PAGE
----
Aghadoe, County Kerry, Ireland
The ruins of Parkavonear Castle stand on Aghadoe Hill in Aghadoe, Ireland, and overlook the lakes of Killarney.
Parkavonear is unusual for an Irish castle because it is circular instead of rectangular. Only the stone structure of this castle is standing today. A staircase joins its two remaining storeys, and the first storey still has the ruin its fireplace. The interior space spans several metres, and the walls are two metres thick. The remnants of a square earthworks wall stand around its keep, and a moat with two ditches surrounds it.
The castle is open and accessible to the public.
Built in the 13th century, Parkavonear Castle was erected after the 1169 invasion of Ireland by Anglo-Norman forces. It once had a church on its grounds. The castle’s original entrance was on an upper floor, so that the ladder used to access it could be withdrawn for battle. However, another entrance was made in its lower floor at a later date. The structure also once included wooden floors and a wooden roof, although these rotted and were removed.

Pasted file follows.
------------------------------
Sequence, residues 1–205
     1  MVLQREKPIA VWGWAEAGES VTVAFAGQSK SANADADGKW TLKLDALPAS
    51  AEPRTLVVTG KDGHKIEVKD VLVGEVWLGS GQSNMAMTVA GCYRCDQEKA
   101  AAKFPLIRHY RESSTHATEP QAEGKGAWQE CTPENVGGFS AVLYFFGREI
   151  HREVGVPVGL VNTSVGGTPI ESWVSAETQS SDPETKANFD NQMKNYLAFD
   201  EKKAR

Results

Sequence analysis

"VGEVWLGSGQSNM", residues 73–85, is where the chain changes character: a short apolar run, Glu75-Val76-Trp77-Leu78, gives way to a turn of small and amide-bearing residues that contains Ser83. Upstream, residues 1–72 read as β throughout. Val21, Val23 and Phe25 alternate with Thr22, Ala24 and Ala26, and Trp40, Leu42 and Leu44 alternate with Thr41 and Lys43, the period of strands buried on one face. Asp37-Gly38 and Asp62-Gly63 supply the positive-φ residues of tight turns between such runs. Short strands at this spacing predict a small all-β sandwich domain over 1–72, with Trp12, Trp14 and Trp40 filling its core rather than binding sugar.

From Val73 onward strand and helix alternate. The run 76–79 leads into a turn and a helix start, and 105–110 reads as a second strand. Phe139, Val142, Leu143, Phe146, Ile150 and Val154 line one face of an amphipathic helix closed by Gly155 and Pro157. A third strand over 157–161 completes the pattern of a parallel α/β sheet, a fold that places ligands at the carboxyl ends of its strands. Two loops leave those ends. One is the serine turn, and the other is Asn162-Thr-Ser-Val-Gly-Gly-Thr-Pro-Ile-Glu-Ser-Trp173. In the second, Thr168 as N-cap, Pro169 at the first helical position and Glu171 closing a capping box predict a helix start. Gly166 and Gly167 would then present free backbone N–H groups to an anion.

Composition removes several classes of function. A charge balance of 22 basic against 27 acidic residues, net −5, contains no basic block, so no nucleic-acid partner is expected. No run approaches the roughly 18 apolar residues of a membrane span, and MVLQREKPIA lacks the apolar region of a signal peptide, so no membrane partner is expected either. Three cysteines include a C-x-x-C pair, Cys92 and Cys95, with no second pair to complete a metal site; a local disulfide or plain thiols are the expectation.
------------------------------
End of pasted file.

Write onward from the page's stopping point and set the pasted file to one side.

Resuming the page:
Not much is known about its history, except that it has traditionally been called “The Bishop’s Chair” or “The Bishop’s Pulpit” by locals.
Its name is derived from the Irish for “field of a meadow”, which is paírc an mhóinéir. It is sometimes spelled “Parkvonear”, though the local spelling uses the ‘a’.
Other Castles in the Area
Aghadoe Round Tower, County Kerry
Ballymalis Castle, County Kerry
Ballyseede Castle, County Kerry
Muckross House, County Kerry
Rahoneen Castle, County Kerry
Ross Castle, County Kerry